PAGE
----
Supplying Inadequate Context for the Data

Measures of what's currently going on in the business rarely do well as a solo act; they need a good supporting cast to succeed. For example, to state that quarter-to-date sales total $736,502 without any context means little. Compared to what? Is this good or bad? How good or bad? Are we on track? Are we doing better than we have in the past, or worse than we've forecasted? Supplying the right context for key measures makes the difference between numbers that just sit there on the screen and those that enlighten and inspire action.

The gauges in Figure 3-4 could easily have incorporated useful context, but they fall short of their potential. For instance, the center gauge tells us only that 7,822 units have sold this year to date, and that this number is good (indicated by the green arrow). A quantitative scale on a graph, such as the radial scales of tick marks on these gauges, is meant to provide an approximation of the measure, but it can only do so if the scale is labeled with numbers, which these gauges lack. If the numbers had been present, the positions of the arrows might have been meaningful, but here the presence of the tick marks along a radial axis suggests useful information that hasn't actually been included.

Figure 3-4. These dashboard gauges fail to provide adequate context to make the measures meaningful.

These gauges use up a great deal of space to tell us nothing whatsoever. The same information could have been communicated simply as text in much less space, without any loss of meaning:

Table 3-1.

YTD Units

7,822

October Units

869

Returns Rate

0.26%

Another failure of these gauges is that they tease us by coloring the arrows to indicate good or bad performance, without telling us how good or bad it is. They could easily have done this by labeling the quantitative scales and visually encoding sections along the scales as good or bad, rather than just encoding the arrows in this manner. Had this been done, we would be able to see at a glance how good or bad a measure is by how far the arrow points into the good or bad ranges.

The gauge that appears in Figure 3-5 does a better job of incorporating context in the form of meaningful comparisons. Here, the potential of the graphical display is more fully realized. The gauge measures the average duration of phone calls and is part of a larger dashboard of call-center data.

Supplying context for measures need not always involve a choice of the single best comparisonrather, several contexts may be given. For instance, quarter-to-date sales of $736,502 might benefit from comparisons to the budget target of $1,000,000; sales on this day last year of $856,923; and a time-series of sales figures for the last six quarters. Such a display would provide much richer insight than a simple display of the current sales figure, with or without an indication of whether it's "good" or "bad." You must be careful, however, when incorporating rich context such as this to do so in a way that doesn't force the viewer to get bogged down in reading the details to get the basic message. It is useful to provide a visually prominent display of the primary information and to subdue the supporting context somewhat, so that it doesn't get in the way when the dashboard is being quickly scanned for key points.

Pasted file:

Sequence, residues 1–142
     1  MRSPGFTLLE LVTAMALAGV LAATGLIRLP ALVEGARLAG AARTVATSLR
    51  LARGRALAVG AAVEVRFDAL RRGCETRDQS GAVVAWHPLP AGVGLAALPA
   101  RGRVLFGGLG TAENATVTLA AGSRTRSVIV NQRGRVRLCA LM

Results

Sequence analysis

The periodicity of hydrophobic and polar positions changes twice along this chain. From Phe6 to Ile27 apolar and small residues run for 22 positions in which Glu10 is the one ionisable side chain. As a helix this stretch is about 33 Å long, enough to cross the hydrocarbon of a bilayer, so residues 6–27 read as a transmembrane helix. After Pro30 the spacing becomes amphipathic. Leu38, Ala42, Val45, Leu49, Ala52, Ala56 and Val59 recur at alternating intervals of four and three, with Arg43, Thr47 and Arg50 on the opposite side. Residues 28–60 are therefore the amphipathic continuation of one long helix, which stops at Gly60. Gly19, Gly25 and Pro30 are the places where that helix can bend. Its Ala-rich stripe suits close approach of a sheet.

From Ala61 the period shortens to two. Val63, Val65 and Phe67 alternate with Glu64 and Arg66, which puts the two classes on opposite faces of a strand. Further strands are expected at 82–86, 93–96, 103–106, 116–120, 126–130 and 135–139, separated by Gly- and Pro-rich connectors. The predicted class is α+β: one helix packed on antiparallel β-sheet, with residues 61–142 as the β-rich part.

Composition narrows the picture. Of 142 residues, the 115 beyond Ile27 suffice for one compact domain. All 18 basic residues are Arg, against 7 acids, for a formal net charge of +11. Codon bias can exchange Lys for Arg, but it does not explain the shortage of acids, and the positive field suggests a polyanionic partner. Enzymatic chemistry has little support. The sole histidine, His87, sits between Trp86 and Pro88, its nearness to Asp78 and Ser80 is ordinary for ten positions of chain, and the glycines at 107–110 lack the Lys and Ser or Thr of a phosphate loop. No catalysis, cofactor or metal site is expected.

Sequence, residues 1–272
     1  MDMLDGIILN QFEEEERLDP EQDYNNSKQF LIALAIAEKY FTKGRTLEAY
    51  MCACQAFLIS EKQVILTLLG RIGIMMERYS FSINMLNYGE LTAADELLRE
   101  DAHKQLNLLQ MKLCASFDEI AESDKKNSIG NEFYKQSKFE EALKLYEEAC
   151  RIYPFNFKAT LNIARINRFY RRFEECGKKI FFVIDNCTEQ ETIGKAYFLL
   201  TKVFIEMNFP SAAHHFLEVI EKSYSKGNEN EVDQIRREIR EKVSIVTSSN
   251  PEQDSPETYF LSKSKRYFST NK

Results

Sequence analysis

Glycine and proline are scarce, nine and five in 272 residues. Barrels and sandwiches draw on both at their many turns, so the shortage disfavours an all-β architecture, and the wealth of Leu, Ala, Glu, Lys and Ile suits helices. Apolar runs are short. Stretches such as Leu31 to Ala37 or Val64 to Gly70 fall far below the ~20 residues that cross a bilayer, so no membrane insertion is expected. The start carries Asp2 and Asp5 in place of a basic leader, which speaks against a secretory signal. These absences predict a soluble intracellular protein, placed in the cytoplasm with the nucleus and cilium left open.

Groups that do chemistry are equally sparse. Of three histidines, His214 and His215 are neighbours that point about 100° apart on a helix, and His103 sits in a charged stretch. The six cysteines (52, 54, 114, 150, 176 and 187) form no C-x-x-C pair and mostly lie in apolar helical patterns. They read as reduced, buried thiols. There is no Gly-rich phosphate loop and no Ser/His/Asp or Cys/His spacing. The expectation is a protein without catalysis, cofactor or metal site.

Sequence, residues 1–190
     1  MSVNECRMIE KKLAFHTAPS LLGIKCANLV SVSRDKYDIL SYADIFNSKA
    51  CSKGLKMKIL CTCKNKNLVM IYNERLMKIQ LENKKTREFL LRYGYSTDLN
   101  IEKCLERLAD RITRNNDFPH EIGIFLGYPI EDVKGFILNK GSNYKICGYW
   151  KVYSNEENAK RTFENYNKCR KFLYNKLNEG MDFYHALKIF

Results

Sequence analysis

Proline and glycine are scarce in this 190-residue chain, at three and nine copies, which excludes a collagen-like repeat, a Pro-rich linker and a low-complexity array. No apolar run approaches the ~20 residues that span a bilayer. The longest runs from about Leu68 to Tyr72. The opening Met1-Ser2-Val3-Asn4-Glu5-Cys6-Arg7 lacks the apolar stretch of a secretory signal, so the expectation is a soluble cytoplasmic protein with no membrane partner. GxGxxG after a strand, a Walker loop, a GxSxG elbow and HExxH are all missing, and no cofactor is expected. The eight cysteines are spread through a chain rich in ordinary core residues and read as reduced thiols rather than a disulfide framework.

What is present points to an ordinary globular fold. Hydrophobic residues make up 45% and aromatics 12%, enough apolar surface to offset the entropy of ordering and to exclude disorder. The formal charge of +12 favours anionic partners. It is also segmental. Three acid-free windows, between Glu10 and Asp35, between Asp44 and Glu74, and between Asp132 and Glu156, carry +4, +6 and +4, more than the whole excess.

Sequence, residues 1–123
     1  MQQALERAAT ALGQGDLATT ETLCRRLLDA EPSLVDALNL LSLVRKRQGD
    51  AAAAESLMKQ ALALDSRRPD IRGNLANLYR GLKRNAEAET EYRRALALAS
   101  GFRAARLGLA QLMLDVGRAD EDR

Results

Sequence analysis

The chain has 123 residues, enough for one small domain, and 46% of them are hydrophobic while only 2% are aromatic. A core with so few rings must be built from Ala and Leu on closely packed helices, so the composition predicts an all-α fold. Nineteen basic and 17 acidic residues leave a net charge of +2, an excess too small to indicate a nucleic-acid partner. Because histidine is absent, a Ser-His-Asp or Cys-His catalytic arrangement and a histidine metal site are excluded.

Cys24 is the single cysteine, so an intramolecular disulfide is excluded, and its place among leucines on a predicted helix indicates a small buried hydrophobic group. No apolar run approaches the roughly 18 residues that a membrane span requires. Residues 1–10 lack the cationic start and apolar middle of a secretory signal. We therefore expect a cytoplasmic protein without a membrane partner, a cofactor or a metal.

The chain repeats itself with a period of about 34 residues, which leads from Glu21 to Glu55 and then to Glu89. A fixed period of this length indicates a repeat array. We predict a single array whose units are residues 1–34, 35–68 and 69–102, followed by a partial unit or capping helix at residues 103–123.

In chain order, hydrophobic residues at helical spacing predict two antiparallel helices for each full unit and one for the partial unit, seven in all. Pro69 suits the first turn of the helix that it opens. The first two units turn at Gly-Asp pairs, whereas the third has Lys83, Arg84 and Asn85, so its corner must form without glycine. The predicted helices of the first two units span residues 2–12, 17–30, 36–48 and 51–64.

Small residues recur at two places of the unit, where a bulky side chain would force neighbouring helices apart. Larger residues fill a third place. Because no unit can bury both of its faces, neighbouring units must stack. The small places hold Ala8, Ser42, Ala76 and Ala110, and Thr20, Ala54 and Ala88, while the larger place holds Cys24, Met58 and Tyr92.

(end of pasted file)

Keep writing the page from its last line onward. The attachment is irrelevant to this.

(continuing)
Figure 3-5. This dashboard gauge (found in a paper entitled "Making Dashboards Actionable," written by Laurie M. Orlov and published in December 2003 by Forrester Research, Inc.) does a better job than those in Figure 3-4 of using a gauge effectively.


Note: I believe that the circular shape used by gauges like this one wastes valuable space on a dashboard, as I'll explain in Chapter 6, Effective Dashboard Display Media. Nevertheless, I commend this gauge for displaying richer information than most.


The amount of context that ought to be incorporated to enrich the measures on a dashboard depends on its purpose and the needs of its viewers. More is not always better, but when more provides real value, it ought to be included in a way that supports both a quick overview without distraction as well as contextual information for richer understanding.


Clarifying the Vision

Variations in Dashboard Uses and Data

Thirteen Common Mistakes in Dashboard Design

Tapping into the Power of Visual Perception

Eloquence Through Simplicity

Effective Dashboard Display Media

Designing Dashboards for Usability

Putting It All Together



Information Dashboard Design. The Effective Visual Communication of Data
Information Dashboard Design: The Effective Visual Communication of Data
ISBN: 0596100167
EAN: 2147483647
Year: 2004
Pages: 80
Authors: Stephen Few

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